“The lake?” Bedivere barely got it out when they were there, in the courtyard of a great castle such as would not be seen in that part of the world for another three to five hundred years or more. The horses were all there too, and looked to have been just groomed. And their own clothes were also fresh, as if they had not just ridden for several days, and sweated as prisoners or been in a fight.
“Nice trick Goreu,” Uwaine said.
“Thank the Lady,” Gerraint said, and then everyone came out of the palace to greet them. Many looked like great men and women apart from the fact that they were nearly all young and beautiful. These were the fairy lords and ladies and certain kings and queens among the elves. Some looked less and less like men and women, such as the dwarf lords and gnomes, hobgoblins and the like. These were the subjects of Gerraint in his guise as the Kairos, but there were also many present who were not his. Many were sprites, of the water, the air, the earth and from under the earth. Some were little spirits and lesser spirits and even a couple of lesser Gods. The Naiad of the lake herself was there, but she looked old and said she was ready to go over to the other side.
Bedivere kept passing back and forth between utter delight and abject fear. He nearly ran at the sight of the ogre, but Uwaine, who had some experience, steadied him. Uwaine got frightened, himself, by some of the people, and for that matter, Gerraint did not exactly feel comfortable even though he knew that all present were subject to Rhiannon.
Shortly, they were escorted inside where, like it or not, a great feast had been prepared for them. Gerraint quietly made sure the fairy food would not have an ill effect on his friends. When a normal mortal eats fairy food, they become subject to the fairies, like men and women who no longer have a will of their own.
Bedivere fell to the feast like a starving man. His every favorite dish sat in front of his place and that did away with his fears once and for all.
“But where are the Welshmen?” Uwaine whispered to Bedivere after a few minutes.
“A fair question,” Rhiannon said from half the distance of the enormous hall away. Through all the talk and noise in the hall, Rhiannon knew everything, every word and virtually every thought that passed by.
“Ears like Math,” Gerraint quipped while a holograph-like image appeared in the center of the hall. Somehow, everyone could see.
The first picture was Kvendelig the hunter. He appeared to be tracking something around a rock. It looked like a big rock and the anticipation grew as he came all the way around and stopped. He looked up and around and then knelt down to examine the dirt. “Good Lord!” Kvendelig expostulated. “Now there are two of them.” He started out again to uproarious laughter.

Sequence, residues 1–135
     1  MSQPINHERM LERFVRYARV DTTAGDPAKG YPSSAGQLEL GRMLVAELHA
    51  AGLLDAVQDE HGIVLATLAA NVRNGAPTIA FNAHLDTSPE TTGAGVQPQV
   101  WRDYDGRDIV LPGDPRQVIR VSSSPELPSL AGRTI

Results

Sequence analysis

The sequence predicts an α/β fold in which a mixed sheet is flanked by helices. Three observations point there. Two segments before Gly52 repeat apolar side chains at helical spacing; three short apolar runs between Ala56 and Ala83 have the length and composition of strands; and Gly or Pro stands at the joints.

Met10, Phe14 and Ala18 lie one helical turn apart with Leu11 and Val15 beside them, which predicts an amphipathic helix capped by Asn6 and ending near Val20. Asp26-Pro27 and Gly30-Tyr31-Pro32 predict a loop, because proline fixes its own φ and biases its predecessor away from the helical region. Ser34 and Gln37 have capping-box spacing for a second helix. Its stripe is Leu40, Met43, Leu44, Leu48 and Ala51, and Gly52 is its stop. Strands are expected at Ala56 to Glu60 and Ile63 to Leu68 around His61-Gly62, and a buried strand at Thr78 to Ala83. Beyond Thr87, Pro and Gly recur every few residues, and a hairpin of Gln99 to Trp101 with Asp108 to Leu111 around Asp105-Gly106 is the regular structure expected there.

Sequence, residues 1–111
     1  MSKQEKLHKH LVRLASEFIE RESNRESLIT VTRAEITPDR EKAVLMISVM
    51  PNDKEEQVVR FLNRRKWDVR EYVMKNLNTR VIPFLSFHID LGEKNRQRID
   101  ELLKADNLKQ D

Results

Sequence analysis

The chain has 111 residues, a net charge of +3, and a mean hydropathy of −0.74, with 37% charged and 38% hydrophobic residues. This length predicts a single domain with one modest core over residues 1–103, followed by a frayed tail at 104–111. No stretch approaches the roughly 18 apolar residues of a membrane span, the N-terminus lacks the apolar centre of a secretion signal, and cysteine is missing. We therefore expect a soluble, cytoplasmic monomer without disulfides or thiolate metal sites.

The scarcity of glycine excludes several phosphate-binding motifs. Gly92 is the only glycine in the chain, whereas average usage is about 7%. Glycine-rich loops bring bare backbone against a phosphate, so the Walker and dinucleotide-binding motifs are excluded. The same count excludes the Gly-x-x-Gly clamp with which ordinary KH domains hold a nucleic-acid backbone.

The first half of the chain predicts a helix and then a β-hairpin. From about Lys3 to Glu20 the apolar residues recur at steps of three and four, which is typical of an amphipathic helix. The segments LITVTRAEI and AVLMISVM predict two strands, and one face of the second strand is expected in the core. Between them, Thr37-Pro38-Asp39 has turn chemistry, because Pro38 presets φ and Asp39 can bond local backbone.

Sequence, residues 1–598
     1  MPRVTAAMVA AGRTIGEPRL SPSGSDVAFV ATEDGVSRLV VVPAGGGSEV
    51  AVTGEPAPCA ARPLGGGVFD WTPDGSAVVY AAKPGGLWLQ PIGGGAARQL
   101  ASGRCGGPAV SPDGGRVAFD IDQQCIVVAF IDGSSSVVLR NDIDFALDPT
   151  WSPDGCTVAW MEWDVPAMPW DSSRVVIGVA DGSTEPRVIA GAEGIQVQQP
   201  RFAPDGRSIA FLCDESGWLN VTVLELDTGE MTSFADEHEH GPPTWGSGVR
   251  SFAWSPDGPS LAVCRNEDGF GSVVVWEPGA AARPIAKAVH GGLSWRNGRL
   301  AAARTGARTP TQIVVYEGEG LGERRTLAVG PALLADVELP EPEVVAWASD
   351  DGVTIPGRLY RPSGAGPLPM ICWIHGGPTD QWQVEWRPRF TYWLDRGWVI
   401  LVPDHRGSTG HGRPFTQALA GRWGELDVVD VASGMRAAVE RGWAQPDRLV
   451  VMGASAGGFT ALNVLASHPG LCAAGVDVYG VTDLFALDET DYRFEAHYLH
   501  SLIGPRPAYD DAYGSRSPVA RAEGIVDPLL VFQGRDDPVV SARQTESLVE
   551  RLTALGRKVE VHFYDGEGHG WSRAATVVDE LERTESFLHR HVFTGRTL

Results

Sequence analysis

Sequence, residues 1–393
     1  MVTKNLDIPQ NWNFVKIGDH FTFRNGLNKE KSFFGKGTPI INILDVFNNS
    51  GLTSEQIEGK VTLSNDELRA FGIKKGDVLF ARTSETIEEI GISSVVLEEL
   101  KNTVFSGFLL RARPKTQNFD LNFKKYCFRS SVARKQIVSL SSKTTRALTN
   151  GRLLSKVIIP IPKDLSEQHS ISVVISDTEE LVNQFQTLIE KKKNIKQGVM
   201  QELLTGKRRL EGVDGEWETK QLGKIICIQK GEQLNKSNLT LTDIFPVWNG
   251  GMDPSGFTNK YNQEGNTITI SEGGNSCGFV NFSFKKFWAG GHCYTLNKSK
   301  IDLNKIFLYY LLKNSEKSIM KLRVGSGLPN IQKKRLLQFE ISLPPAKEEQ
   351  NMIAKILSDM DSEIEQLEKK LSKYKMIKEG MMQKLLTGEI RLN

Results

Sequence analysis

“Round and round,” Gerraint said. “I saw that one in Winnie the Pooh.”
Rhiannon smirked and changed the picture. This time they saw Gwarhyr, the linguist. He sat beside a different boulder where a branch, beyond his sight, periodically scraped up against the rock and another tree every time the wind blew. “Say that again?” Gwarhyr was saying. “I did not quite catch it.” The wind blew. The branch scraped, and Gwarhyr tried to imitate the sounds. “I’m going to learn the language of the little people if it takes all night.” He looked determined.
“How long has all night been so far?” Gerraint asked.
“Boring!” The noise from the crowd rose. Rhiannon waved again and the room filled with the lively sound of music.
This was true fairy music, highly contagious to anything mortal, and Rhiannon had to immunize Uwaine and Bedivere, quickly, before they started dancing, uncontrollably. Once they were safe, Gerraint looked and saw Menw, trapped in a stone circle, dancing up a storm. He kept smiling, but it was clear to see he danced utterly under the spell of the music. Suddenly, he went invisible and all they could see was the footprints and dust being kicked up.
“He has the power of invisibility, you know,” Rhiannon said.
“Ah, yes. Quite an accomplishment for a normal mortal,” Gerraint agreed.
“Yes, he thought to sneak up on us without our knowing it,” Rhiannon said seriously, and then she laughed, deeply.
Various groups in the room began to join in the dance as Menw once again became visible. Some placed bets on the side, and Gerraint could hardly imagine what they were betting on. Then Menw’s head went invisible and some of the gold got picked up. Once, Menw was visible, except in the middle, like head and shoulders hovering over a set of legs. The dwarfs in the room especially liked when he got down to nothing showing but feet.
“Shoes! Shoes!” The dwarfs shouted, and a great deal of gold exchanged hands.
“Good enough.” Rhiannon stood and clapped her hands and all the noise, the pictures, the whole crowd and the banquet disappeared altogether. Bedivere, Uwaine, Gerraint and Rhiannon seemed the only persons in a big, empty hall.
“When can we have them back?” Gerraint asked.
“Surely not before morning,” Rhiannon said and took Gerraint by the arm and lead the three men out through a door at the back of the hall. There were stairs, and fairy lights spaced every third step or so. At the top, they found rooms with big featherbeds, clean sheets and plenty of blankets to crawl under.
“Is it safe?” Bedivere wondered out loud.
“It is not safe to question the hospitality of the lady,” Uwaine responded, wisely. “Any lady.” He added for good measure.
“See you in the morning.” Gerraint noticed the fairies fluttering about, beginning to dim the lights. Rhiannon kissed his cheek with a word of love for dear Enid, and he slept well that night.
The Welshmen may have been stopped, but that does not mean Gerraint, Uwaine, and Bedivere are home free Until Monday, Happy Reading